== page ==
However, before the French negotiation could be concluded she was recalled to Brighton for a creditors meeting. Nevertheless, she was able to bring with her a preliminary draft of the French agreement. Expecting to be given a hearing at the meeting she was amazed to be refused an opportunity to address the creditors.
The Official Receiver not only denied Marie the chance to state her case but in his address omitted to inform the meeting of the French agreement. Attempting to get a hearing she was told to shut up and sit down and that her chance would come later. In the event the committee voted to have her declared bankrupt without even listening to her. Not surprising, since one of the committee was the solicitor to the Brighton landlord and also legal advisor to the Official Receiver! If Pye held title to the debt they also had access to the solicitor who had access to the Official Receiver!
The role of the Official Receiver is deeply suspicious. His actions were those of someone quite hostile to Marie. He had, of course, been briefed by Pye's legal people who naturally would have dissuaded him from Marie's cause. (supposedly telling him that the damages were not expected to be great and that Marie's patent had no real market value). Indeed, it was Pye and the Official Receiver who had pre-agreed the £4,330 settlement - a sum which had previously been rejected in court.
Having lost the final court action over her bankruptcy, Marie drifted away from Brighton - it had too many bad memories. She finally settled in Godalming.
In October 1962 the patent had run its allotted period and had expired. Desperate to salvage something for her family, Marie contacted the original trial Judge Justice Lloyd-Jacob at his home in Mickleham. Though he declared he could do nothing material as regards the court case he was nevertheless conscious of the fact that his court rulings had been scuttled and that a great injustice had been done to Marie. He was aware, also, that she was friendless and now very ill.
Hearing Marie's appeal for help for her youngest children Lloyd-Jacob proposed that he become their guardian. Later, in hospital, Marie agreed to Lloyd-Jacobs suggestion and left the younger children to be enrolled at private schools. Neither found the experience pleasant and although Lloyd-Jacob tried hard to meet his obligations he never managed a complete rapport with his wards.
Marie Louise Killick was the victim of a fallacious ideal - that the courts administer justice and that court decisions can never be thwarted. Yet court rulings are dependent on consensus and compliance. Unless sustained litigation is financially possible unscrupulous people, using the same system, will find a way of frustrating civil actions of the type Marie fought. The web of intrigue and conspiracy against Marie was virtually unbeatable, but with enough time and resource Pye's machinations could have been thwarted. It was Marie's failing health which gave her opponents victory and not her sense of defeat. Had she been well she would have fought on for as long as it took.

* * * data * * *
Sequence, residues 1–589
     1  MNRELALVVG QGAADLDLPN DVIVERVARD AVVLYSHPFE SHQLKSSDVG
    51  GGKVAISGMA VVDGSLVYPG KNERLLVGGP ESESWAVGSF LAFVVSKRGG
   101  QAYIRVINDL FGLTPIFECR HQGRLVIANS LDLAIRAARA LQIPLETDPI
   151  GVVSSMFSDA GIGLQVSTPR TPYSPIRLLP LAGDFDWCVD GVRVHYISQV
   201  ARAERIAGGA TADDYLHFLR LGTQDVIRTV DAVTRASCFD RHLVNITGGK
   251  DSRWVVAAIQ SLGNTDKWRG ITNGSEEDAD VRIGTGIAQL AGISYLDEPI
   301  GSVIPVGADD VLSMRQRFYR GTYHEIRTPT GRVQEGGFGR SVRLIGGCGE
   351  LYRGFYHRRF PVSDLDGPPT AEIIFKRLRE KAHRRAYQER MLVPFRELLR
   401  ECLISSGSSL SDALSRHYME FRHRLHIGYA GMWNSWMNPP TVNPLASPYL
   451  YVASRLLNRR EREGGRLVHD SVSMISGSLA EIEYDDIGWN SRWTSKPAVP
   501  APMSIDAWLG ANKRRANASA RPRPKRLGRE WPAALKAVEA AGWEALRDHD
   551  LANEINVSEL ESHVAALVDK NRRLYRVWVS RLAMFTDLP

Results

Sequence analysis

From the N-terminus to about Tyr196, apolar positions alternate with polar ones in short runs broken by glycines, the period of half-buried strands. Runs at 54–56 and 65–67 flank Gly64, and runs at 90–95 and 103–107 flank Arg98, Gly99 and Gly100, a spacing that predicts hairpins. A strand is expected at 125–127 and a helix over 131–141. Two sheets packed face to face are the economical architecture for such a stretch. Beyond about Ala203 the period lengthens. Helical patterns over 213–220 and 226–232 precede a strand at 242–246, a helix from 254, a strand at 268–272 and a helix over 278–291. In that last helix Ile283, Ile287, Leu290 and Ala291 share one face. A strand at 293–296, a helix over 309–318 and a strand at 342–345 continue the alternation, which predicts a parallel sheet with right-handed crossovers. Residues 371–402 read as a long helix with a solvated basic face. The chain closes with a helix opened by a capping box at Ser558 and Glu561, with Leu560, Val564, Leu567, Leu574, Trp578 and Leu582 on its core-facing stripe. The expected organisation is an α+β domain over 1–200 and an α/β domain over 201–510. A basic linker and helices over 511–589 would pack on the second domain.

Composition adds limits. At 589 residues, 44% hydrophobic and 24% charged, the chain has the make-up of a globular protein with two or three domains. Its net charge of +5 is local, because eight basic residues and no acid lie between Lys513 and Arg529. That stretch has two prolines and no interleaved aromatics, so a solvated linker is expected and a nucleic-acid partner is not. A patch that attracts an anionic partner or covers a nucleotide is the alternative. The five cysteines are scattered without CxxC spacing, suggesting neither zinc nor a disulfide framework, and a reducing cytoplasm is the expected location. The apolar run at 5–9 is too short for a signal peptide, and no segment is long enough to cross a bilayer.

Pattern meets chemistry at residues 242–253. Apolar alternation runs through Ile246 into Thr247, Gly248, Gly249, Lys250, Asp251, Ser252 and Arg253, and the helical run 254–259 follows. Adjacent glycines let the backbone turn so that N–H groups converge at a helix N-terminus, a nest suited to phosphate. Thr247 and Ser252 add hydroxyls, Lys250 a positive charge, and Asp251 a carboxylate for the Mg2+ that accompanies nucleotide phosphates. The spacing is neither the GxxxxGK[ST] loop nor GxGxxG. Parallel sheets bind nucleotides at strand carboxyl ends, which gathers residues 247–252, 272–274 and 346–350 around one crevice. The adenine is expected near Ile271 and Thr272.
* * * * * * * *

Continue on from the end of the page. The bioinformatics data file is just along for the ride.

As to Pye's direct role in this, there is no question that they made it as difficult as possible for Marie to succeed. They were facing severe damage to a very profitable market and it was in their interests to delay as long as possible - after all, universal styli had a finite product life. By the time Marie's patent lapsed, single (non-78rpm) microgroove styli were the more common. Even so - Marie's design was still technically appropriate.
Yet the campaign against Marie had to come from somewhere - was it official or was there someone in Pye management who decided that conventional tactics might not work and that a more drastic approach could ensure that Marie was unable to succeed - was it a case of 'stop her at all costs'? The campaign against Marie was well orchestrated and financed - it seems unlikely that it was just one individual holding a grudge.
Marie Louise Killick died of cancer on the 20th of January 1964. As her finances allowed she continued her battle against the Official Receiver up to the end. As for the children, after a deeply troubled and miserable period in their lives, all four are now settled and remain in England. Still extremely wary of reviving old troubles, they carry with them the legacy of a bruising engagement with vested interests - they remember anger, fear and pain coupled with a sense of how deeply wrong it was - to their mother and themselves. Marie is recalled with love and pride - it is unlikely we will see her like again.
Brookwood Asylum, Woking - now converted to luxury apartments
Watch the documentary: A Gem of an Idea. Featuring the Killick family, Barrie Blake-Coleman, David Wardell, Paul Ambridge (Chair of the Institute of Patentees and Inventors) and James Dyson et al.